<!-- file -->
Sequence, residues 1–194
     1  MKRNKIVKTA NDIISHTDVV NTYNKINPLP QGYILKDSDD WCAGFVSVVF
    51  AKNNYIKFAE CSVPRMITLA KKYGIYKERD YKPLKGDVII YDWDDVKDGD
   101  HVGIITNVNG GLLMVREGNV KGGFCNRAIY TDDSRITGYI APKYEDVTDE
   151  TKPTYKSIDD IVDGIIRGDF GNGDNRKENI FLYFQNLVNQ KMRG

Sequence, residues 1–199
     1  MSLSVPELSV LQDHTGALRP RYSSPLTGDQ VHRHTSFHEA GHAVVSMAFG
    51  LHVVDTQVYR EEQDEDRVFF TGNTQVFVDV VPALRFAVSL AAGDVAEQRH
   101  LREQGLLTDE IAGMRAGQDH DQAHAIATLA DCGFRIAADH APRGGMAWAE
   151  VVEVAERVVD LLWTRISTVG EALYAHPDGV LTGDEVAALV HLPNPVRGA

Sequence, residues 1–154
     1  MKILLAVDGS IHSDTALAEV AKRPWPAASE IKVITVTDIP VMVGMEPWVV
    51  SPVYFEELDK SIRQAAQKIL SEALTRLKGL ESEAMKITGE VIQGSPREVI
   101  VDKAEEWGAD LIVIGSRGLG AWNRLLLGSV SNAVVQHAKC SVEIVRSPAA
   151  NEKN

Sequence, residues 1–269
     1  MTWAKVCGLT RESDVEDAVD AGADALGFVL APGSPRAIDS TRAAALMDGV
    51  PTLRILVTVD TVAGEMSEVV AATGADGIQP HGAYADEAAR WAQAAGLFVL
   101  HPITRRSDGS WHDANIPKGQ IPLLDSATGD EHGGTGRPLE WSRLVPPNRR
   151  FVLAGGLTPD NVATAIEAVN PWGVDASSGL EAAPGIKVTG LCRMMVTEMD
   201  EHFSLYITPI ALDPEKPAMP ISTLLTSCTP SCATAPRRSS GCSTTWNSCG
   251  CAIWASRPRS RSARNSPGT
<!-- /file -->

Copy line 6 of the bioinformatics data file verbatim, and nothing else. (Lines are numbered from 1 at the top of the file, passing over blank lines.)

Sequence, residues 1–199